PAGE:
Trillium Book Awards Author Reading 2015

Diversity and the case for Chinese Grandmas

Share |

For those of you who do not know me, I am a city girl. I often talk about the fact that if it "has chlorine and concrete" I am going to like it. I know I should be saying how much 'I love the outdoors', but I don't. The good news is at my age and stage(read mature), I get to say what I want especially when it's about me.
I love nothing more than having some time to wander around a city and my home town of Toronto is one of my favourites. It's not like I don't have a lot of cities to compare it to, I do, and it still comes out on top. My reason is clear, I appreciate diversity.
From one end of the city to the other we have the chance to be able to capture moments in other cultures, languages and ideas in untold numbers of neighbourhoods.
Take yesterday; although we were in Scarborough and not Chinatown, the purpose was the same and that was to go with my family for dim sum. If you have never gone, it's time you did! Dim sum is a brunch-type meal based mostly around individual small dishes that are wheeled through a restaurant on carts. As the cart passes by your table, the server will stop and you can look at what is in the stacked steam baskets or on the plates before making your choice. What I really like is that if it something new, you're only out a couple of bucks if the dish is not to your taste. If it's a dish you really like, it's only a matter of time before another cart carrying your favourite comes around again. As I looked around the restaurant, all I saw were the animated faces of friends and families who had come to share a bite and have a (frequently noisy) visit.
Dim sum has been a tradition in our family since the early 80s when I met my former husband. The marriage ended but dim sum endures and serves as a reminder to all of us about the wonderful time my kids spent with their Chinese grandparents. When the kids were small, my in-laws used to put at least one if not more grandchild into its' car seat and make the trek from Mississauga to Chinatown to go shopping and to have dim sum. One of the things that my mother-in-law really enjoyed was the fact that a lot of the cart ladies were around her age and spoke her dialect. Grandmother to grandmother they would have conversations about how smart my kids were in being able to speak Chinese and use chopsticks because you could tell that they were bi-racial. In truth, my mother-in-law would pretend that the praise wasn't all that important and was somehow expected and that she heard it a lot. That of course was not the case (have you met my kids?) but it was fun to see her obvious "mama" pride. She would alternate between encouraging conversation and waving the cart lady away. She still does it. It still makes me smile.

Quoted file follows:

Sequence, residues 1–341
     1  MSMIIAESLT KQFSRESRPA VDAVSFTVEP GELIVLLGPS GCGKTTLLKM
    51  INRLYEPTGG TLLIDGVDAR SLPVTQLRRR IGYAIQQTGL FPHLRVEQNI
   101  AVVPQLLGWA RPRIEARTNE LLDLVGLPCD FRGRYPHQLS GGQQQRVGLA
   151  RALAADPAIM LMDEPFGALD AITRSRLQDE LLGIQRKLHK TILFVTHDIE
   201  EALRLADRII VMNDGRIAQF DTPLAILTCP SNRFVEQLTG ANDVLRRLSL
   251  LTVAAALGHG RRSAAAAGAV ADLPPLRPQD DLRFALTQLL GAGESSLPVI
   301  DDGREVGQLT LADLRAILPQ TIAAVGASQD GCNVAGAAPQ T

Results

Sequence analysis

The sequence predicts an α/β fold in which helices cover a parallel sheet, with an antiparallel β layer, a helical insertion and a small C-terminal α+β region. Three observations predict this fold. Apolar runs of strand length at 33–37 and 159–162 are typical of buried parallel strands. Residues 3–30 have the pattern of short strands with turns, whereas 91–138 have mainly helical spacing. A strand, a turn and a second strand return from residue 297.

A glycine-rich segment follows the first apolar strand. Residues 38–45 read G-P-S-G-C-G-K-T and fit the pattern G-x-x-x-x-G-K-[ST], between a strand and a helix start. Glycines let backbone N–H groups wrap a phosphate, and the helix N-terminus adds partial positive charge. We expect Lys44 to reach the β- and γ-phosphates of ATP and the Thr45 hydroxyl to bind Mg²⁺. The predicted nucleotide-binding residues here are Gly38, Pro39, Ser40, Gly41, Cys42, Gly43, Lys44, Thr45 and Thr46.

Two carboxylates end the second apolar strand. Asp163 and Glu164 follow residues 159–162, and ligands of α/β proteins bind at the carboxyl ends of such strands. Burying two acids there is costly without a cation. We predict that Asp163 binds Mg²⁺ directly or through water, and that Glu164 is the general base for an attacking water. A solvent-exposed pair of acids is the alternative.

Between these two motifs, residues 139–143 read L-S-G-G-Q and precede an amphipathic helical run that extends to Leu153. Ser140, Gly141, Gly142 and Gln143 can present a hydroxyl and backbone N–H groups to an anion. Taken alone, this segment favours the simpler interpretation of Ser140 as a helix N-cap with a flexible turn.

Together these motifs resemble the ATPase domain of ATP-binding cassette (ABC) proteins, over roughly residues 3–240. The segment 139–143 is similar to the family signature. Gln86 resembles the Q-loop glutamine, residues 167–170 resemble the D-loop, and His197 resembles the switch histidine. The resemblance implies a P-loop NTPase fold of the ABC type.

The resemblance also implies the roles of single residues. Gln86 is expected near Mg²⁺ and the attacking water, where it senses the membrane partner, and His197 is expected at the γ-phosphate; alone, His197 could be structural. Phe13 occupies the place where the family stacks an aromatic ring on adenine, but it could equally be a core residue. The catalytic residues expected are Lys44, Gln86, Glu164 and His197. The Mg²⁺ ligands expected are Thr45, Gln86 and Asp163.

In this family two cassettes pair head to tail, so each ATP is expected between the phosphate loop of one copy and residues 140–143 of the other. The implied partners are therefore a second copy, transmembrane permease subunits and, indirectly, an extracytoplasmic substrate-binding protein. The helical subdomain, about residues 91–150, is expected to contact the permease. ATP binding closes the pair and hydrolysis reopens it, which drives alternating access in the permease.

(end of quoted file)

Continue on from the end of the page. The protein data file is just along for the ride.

The Toronto I grew up in has thankfully given way to a place where possibilities for relationships and experiences abound. When I was very young, the most 'exotic' food this WASP (white Anglo-Saxon Protestant) girl could get was Italian or North American Chinese food. In today's Toronto, if there is something that I have tried in another country I can probably find it here. If not, there is never an opportunity lost to make a new friend or co-conspirator and to thrill in the hunt. Lucky me :) You too?


True, Pj, Toronto has become a great city for diversity, and for dining out. I lean to vegetarian and there's no shortage of good, meat-free restaurants around town. My old favourite, though, is Annapurna-- on Bathurst just south of Dupont. I've been going there for years and have never grown tired of the South Indian mainstays, the daily specials, the carob balls and the chai--
no Starbucks substitute for me. It's a cellphone-free environment and the ambience is soothing enough for concentrated reading and writing. I've read many a chapter and written a good number of poems while sipping the tastiest chai in the city. Is there such a thing as vegetarian dim sum?!

Hi Elana! Thanks for taking the time to comment. I cannot tell you how many times I have passed that restaurant on Bathurst and on your recommendation, I now have the incentive to go in! As far as vegetarian dim sum is concerned, one of my daughters is a vegetarian, there are numerous dumplings and rice rolls that have only vegetables not to mention being able to order a rice or noodle dish from the menu. Hope this helps :) Happy eating/writing/reading/strolling...Pj

The views expressed in the Writer-in-Residence blogs are those held by the authors and do not necessarily reflect the views of Open Book: Toronto.

Pj Kwong

Pj Kwong is a figure skating expert and writer currently working for CBC Sports. Her first book, Taking the Ice: Success Stories from the World of Canadian Figure Skating (BookLand Press), will be in stores in September 2010.

Go to Pj Kwong’s Author Page